Sorry, NebuAd, Phorm Gets Pass In UK

Viviane Reding EU privacy commissionIn the U.S., online ad company NebuAd was forced to retreat from its controversial behavioral targeting plan, but rival Phorm has just been given the go-ahead by U.K. authorities.

The U.K.'s Department for Business, Enterprise and Regulatory Reform stated Tuesday that Phorm's behavioral targeting platform is legal, largely because the company intends to notify users about the system and obtain their consent before deploying it.

"After conducting its inquiries with Phorm, the UK authorities consider that Phorm's products are capable of being operated in (a lawful) fashion," the agency stated.

Phorm gleans information about people's online activity from their Internet service providers and then serves users ads based on the sites they've visited. The company, registered in the U.S., has offices in New York and London and an engineering team in Moscow.

Phorm intends to launch soon in the U.K. with Internet service providers BT Group, TalkTalk and Virgin Media.

Like Silicon Valley rival NebuAd, Phorm has come under fire from advocates who view the company as privacy threat based on the sheer comprehensiveness of knowledge it can amass about Web users. Internet service providers have access to every Web site people visit as well as every search they perform. By contrast, older behavioral targeting companies only track users across a limited number of sites.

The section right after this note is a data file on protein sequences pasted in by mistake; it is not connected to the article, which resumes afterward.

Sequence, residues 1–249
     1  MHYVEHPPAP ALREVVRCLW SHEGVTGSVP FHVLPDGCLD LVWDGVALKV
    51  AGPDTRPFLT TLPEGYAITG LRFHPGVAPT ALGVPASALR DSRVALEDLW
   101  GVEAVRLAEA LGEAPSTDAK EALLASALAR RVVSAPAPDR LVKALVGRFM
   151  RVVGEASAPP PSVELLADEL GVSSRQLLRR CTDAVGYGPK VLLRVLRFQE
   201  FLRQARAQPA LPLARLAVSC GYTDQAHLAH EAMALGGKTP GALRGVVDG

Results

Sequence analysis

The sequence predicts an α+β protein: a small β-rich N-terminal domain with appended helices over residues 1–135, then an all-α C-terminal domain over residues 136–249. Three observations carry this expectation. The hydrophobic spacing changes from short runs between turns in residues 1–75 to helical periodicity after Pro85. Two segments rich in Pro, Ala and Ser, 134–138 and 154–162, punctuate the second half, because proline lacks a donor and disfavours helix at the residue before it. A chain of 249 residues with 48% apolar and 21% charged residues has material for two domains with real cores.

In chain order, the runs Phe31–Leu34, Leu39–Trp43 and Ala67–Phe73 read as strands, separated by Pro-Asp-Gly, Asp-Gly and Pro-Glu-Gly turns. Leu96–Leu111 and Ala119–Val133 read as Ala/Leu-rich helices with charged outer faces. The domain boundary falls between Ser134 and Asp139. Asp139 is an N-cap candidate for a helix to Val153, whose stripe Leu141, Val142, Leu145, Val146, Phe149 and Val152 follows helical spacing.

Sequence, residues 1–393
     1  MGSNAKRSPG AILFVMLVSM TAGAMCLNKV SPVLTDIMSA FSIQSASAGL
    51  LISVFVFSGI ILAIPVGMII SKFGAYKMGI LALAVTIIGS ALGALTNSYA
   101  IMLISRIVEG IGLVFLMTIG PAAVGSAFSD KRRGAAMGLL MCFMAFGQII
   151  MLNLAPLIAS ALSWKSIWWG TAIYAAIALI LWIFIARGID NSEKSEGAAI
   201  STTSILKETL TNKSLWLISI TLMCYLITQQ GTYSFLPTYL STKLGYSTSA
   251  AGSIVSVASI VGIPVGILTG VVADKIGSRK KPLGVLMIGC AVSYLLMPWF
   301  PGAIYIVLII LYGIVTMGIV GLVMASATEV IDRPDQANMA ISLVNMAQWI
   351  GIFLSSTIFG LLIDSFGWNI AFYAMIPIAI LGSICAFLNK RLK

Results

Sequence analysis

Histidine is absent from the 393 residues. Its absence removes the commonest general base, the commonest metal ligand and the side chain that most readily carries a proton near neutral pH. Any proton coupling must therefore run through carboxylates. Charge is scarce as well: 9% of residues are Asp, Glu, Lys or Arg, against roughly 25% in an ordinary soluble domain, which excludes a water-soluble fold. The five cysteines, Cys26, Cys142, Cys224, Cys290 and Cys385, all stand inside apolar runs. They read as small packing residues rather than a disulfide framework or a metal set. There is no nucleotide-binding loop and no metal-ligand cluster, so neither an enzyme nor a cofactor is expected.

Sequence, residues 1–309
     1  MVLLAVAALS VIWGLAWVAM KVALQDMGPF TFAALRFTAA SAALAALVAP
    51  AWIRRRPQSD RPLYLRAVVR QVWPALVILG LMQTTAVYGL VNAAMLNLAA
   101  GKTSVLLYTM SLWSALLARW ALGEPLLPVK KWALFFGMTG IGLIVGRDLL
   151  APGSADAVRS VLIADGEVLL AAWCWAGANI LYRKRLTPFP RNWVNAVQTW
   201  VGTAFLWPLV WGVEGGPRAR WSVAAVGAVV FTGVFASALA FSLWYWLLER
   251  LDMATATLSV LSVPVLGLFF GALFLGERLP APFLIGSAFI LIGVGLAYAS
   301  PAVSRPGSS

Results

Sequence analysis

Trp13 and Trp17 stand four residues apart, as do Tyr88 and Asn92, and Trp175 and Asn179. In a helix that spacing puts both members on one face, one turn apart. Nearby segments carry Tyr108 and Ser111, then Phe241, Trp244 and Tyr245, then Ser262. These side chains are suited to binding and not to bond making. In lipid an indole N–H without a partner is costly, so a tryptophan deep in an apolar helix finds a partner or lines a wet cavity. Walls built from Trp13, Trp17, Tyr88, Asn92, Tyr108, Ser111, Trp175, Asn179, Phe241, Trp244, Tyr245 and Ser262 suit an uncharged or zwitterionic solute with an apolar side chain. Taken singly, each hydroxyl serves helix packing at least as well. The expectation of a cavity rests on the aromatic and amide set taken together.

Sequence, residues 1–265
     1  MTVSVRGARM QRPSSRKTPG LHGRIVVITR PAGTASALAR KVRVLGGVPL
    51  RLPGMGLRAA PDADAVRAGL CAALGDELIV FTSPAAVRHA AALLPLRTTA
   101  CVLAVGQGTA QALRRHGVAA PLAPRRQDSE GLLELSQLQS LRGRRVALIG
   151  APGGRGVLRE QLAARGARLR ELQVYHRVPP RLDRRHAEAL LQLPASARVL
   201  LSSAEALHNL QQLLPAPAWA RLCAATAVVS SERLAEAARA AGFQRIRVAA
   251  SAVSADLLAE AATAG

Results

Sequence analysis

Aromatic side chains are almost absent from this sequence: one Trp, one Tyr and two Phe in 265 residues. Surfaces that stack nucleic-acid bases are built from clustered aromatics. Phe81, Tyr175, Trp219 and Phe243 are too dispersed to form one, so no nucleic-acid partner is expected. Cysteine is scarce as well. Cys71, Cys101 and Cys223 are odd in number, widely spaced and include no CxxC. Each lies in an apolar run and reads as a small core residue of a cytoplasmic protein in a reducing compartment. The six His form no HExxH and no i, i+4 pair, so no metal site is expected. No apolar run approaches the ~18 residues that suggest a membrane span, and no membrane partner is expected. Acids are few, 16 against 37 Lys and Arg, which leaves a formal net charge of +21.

Phorm says it doesn't collect personally identifiable information, such as names or e-mail addresses, store IP addresses, or keep lists of sites visited.

The U.K. agency's statement Tuesday came in response to a request by Vivian Reding, an E.U. commissioner. She reportedly wanted to know whether the U.K. planned to take action against Phorm for a secret test the company conducted with BT in 2006. She also said this summer that her office was considering going to the European Court of Justice about Phorm.

Unlike the U.S., Europe has a sweeping privacy law that limits companies' ability to collect and use data about consumers. But even without a similar law, pressure from Congress helped scuttle NebuAd's plans to deploy its broadband provider-based behavioral targeting system. NebuAd had tested its platform with six Internet service companies this year, but all of them said last month that the tests had ended and there were no immediate plans to restart them.

NebuAd's CEO Bob Dykes resigned recently, following which the company said it was broadening its business to include older online ad targeting techniques.

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